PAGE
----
Jenrry as Santa, on the other hand, was a little disconcerting. Not from the suit (splendid) or the demeanor (appropriate), but from the bulk he had to temporarily add to pull the whole look off. One Bartolo Colon  on staff is enough. If you didn’t know it was an overstuffed ensemble, you’d be making Mejia an appointment with that new strength and conditioning coach the Mets hired. Especially for the conditioning part.
When the setup man and the closer who combined to give away fewer leads than the number (tons) to which we were accustomed presented the last of their presents, they came back behind the curtain to take questions, still dressed as Santa Claus and Buddy the Elf. I’m sorry they didn’t stay in character.
“How’s your slider coming along?”
“Why, you mean my sleigh, right little boy? Ho ho ho, here’s a Wiffle Ball!”
Nah, they didn’t do that. It was another crush of cameras and mics and mundane inquiries about how well they were recovering from their hernia surgeries, except they were being asked of men dressed in crushed red velvet and key lime green. I found myself on the fringe of this crowd, too, but I did clearly hear Jenrry say something about his two-seamer and his four-seamer. That’s better music for the Mets fan’s ear in December than anything Andy Williams ever recorded. I also caught an all-purpose “whatever job they give me, I have to be prepared” out of Santa. I guess “if Parnell tries to take my role away, he’s the one getting his skinny ass shoved down a chimney” wouldn’t have been in keeping with the spirit of the season .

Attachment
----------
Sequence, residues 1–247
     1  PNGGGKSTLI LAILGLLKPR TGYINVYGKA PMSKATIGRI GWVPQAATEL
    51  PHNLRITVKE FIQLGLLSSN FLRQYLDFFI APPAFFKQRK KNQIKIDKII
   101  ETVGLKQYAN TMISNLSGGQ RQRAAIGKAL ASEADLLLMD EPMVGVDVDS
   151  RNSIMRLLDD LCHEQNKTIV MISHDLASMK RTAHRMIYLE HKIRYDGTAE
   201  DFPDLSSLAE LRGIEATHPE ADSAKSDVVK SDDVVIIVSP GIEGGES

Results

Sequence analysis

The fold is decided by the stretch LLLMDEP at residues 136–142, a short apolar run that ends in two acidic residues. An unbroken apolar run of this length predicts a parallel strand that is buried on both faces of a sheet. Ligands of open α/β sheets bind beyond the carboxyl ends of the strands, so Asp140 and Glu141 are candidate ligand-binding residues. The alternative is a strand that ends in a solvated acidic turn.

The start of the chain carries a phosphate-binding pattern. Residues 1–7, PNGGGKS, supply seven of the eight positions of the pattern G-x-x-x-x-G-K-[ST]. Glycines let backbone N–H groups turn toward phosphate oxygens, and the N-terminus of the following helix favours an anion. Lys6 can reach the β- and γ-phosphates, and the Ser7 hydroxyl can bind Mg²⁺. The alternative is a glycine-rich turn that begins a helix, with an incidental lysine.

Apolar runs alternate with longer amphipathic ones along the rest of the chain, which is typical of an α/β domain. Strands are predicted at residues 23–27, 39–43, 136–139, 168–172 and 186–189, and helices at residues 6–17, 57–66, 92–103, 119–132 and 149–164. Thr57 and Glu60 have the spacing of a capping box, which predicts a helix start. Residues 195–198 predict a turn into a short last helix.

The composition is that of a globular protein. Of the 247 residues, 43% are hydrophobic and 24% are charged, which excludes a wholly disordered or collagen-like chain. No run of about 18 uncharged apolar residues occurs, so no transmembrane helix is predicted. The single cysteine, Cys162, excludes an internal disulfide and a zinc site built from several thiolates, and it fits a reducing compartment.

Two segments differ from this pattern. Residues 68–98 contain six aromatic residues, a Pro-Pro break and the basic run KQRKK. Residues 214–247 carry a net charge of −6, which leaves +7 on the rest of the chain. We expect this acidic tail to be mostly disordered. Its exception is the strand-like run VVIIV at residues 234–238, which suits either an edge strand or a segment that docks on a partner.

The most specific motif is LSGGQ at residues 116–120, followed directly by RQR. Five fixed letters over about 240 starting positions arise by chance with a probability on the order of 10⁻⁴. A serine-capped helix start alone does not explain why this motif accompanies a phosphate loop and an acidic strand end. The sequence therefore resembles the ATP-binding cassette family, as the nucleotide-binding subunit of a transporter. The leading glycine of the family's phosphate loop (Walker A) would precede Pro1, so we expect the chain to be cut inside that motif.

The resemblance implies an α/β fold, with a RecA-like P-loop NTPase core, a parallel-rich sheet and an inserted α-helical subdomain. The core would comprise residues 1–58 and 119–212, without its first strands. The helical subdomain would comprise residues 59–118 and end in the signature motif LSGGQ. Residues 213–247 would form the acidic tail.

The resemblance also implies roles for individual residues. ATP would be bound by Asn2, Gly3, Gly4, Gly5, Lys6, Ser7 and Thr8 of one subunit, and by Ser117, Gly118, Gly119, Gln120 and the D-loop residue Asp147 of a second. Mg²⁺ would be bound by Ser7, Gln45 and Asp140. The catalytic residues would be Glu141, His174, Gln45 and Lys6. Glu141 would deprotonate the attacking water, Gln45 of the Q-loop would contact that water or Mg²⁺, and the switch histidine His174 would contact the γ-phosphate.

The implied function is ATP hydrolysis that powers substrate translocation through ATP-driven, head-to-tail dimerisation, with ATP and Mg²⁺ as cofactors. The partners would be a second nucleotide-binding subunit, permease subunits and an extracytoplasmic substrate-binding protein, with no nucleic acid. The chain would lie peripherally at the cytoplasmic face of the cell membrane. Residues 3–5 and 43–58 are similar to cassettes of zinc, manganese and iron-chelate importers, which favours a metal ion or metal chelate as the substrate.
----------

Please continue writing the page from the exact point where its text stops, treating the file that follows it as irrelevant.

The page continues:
Harvey would have said something of that nature, but he wasn’t at the party. I assume he was down in the bowels of the stadium striking out three Bryce Harper  mannequins.
Eventually, the English-language press gave way to the Spanish-language press. Mejia speaks faster in Spanish (who doesn’t?). The recorded Christmas music ceased. The students of the PSes were on their buses, headed back to class, all of them having had the best morning of the current semester. The beat writers, many of them appearing not much older than the students favored with goodies by Mejia and Familia, were on their laptops, transmitting the depth and breadth of what had happened here today, which, honestly, wasn’t much, but it was the semblance of baseball in winter, and who wouldn’t want to fill a stocking with that?
Given the roles the pitchers in costume played when there was a game every day or night, it didn’t seem right that we weren’t up to the eighth or ninth inning of the offseason already. We’ve not even arrived at the Baseball Equinox  yet. But it’s coming. I know it is. Just not soon enough.
When I exited through the Stengel entrance, the security guard on duty gave me a broad smile and a cheery holiday greeting. I returned the same, with an addendum that the next time we’d see each other, it would be April. Our smiles broadened even more.
Yes. April. The most wonderful time of the year.